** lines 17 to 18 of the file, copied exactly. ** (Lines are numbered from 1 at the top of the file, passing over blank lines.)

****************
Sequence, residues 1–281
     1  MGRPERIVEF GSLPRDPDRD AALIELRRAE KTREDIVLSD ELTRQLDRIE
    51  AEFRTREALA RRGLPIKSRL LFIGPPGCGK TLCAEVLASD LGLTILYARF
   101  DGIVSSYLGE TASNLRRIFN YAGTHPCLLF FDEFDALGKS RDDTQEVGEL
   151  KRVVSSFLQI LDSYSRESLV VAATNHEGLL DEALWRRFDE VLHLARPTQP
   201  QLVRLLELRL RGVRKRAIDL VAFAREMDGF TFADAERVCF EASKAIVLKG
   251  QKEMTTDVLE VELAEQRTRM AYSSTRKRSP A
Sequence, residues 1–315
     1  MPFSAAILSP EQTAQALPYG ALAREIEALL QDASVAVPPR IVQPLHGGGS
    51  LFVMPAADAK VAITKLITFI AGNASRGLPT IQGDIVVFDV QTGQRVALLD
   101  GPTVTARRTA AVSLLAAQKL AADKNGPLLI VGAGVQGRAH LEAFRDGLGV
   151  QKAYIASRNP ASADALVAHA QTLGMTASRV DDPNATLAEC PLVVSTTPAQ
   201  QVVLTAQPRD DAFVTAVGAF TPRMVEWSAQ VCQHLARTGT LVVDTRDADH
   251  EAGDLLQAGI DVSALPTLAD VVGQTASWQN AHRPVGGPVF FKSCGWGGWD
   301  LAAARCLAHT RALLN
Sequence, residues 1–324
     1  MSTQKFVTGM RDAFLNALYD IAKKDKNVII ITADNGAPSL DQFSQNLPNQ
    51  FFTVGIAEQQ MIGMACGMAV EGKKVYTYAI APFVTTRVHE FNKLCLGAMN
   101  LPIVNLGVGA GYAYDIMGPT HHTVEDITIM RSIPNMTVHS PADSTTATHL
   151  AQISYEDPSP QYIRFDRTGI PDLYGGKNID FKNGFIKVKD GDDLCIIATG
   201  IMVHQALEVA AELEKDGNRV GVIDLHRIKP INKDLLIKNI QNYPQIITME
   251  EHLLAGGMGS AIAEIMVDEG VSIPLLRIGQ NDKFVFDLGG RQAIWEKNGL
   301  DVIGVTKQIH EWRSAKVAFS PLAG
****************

     1  MSTQKFVTGM RDAFLNALYD IAKKDKNVII ITADNGAPSL DQFSQNLPNQ
    51  FFTVGIAEQQ MIGMACGMAV EGKKVYTYAI APFVTTRVHE FNKLCLGAMN